This week the UKVI updated its digital identity verification guidance for employers and identity service providers (IDSPs) to confirm the legislative changes from that date.

Unlike the free UKVI service for holders of digital immigration status / BRPs, outsourced IDSPs will charge employers for their services. According to the Recruitment and Employment Confederation (REC), which has been campaigning for digital checks to become a permanent feature, and have been consulted by the Home Office, there will be a price of between £1.45 and £70 per check. The REC has complained about the cost of IDVTs – potential extra costs for businesses already dealing with National Insurance hikes and rising inflation. It appears that the cost may depend on the Level of Confidence (LoC) to which these service providers are certified. A list of certified IDSPs will be published by the Department for Digital, Culture, Media & Sport, along with their certified LoC.

Whether using an IDSP or not, it will remain the employer’s responsibility to discharge their duty to conduct right to work checks and prevent illegal working. So, for example, it will be on the employer to make sure they are using a certificated IDSP or that the image in the ID is that of their new employee.

Employers will still be able to do manual checks meeting prospective employees face to face if they do not wish to pay for the service providers.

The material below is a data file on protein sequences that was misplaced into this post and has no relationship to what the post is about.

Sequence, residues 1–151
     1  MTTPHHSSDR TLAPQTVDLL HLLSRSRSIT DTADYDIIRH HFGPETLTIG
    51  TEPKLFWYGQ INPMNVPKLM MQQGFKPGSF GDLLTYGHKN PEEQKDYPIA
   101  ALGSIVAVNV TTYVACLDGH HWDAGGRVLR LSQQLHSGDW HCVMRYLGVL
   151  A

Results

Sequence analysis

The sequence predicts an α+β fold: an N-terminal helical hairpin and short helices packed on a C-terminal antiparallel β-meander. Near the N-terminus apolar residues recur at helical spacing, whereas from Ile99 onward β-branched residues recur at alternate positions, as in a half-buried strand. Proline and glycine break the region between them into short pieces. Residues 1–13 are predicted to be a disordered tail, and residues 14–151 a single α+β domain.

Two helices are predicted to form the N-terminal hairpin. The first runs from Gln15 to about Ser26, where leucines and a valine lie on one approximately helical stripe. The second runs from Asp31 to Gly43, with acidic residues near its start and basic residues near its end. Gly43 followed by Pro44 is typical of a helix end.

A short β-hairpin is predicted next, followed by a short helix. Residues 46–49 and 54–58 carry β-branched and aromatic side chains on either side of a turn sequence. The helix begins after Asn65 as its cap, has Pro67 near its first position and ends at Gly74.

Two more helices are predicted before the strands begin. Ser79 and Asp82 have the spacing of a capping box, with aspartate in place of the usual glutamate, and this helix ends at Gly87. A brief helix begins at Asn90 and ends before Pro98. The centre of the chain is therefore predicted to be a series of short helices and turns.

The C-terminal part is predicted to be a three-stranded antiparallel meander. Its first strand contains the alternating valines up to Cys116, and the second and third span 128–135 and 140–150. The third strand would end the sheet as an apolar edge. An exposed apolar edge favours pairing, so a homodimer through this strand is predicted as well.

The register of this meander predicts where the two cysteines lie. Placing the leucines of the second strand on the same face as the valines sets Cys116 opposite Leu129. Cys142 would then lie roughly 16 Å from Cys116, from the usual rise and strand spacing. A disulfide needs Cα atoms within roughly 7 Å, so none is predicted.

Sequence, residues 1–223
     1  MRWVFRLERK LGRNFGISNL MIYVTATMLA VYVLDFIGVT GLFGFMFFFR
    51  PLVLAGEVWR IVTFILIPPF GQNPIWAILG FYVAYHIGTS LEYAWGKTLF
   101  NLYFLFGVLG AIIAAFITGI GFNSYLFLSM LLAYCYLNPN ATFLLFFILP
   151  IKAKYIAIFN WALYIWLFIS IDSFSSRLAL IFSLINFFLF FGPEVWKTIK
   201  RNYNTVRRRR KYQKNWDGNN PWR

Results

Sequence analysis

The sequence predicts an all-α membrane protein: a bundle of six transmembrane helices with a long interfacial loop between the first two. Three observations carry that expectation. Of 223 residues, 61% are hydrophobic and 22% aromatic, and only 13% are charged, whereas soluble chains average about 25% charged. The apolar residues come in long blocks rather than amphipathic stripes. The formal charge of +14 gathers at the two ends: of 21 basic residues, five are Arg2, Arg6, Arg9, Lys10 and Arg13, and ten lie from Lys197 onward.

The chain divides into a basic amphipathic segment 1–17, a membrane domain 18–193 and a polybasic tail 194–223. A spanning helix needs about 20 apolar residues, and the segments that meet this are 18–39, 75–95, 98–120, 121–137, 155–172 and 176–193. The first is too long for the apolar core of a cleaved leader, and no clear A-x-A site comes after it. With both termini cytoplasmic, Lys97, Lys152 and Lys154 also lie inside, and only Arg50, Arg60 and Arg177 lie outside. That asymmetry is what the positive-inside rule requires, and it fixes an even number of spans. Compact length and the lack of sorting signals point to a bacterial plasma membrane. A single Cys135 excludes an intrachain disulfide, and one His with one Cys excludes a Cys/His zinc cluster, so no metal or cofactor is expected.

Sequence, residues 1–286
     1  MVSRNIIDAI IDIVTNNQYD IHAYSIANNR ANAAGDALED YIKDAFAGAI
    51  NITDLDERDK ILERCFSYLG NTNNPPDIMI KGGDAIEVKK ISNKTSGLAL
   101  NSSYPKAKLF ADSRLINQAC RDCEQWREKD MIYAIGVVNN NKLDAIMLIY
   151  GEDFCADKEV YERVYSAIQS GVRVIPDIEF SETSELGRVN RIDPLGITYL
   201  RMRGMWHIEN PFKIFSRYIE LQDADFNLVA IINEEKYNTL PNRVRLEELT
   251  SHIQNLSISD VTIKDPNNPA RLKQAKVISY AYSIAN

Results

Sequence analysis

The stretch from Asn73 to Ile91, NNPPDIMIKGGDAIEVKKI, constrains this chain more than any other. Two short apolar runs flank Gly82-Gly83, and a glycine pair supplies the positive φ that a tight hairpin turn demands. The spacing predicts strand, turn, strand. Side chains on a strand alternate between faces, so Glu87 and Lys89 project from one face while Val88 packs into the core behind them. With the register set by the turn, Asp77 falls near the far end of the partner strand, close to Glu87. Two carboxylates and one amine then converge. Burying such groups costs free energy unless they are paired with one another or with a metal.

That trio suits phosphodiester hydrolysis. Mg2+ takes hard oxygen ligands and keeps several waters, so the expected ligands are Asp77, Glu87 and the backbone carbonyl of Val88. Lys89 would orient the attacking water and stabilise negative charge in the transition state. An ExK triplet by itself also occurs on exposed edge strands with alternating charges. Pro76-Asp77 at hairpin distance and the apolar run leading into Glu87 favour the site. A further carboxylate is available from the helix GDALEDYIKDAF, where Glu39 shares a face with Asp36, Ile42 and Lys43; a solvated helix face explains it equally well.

Initially it will only be possible to conduct right to work checks on valid British passports, valid Irish passports and valid Irish passport cards using IDVT. Therefore, if an individual wishes to rely on an expired British or Irish passport (or passport card), the employer must undertake a manual check instead of using an IDSP. So unless the pandemic concession for remote checking is extended yet again which is unlikely, these checks must be undertaken using the original, physical document.

The pandemic and remote checking

Over the last couple of years, there have been a number of changes to the process by which employers are expected to check a prospective employee’s right to work in the UK. These have partly been driven by the practicalities of the COVID-19 pandemic and partly by the increasing digitalisation of the UK’s immigration system.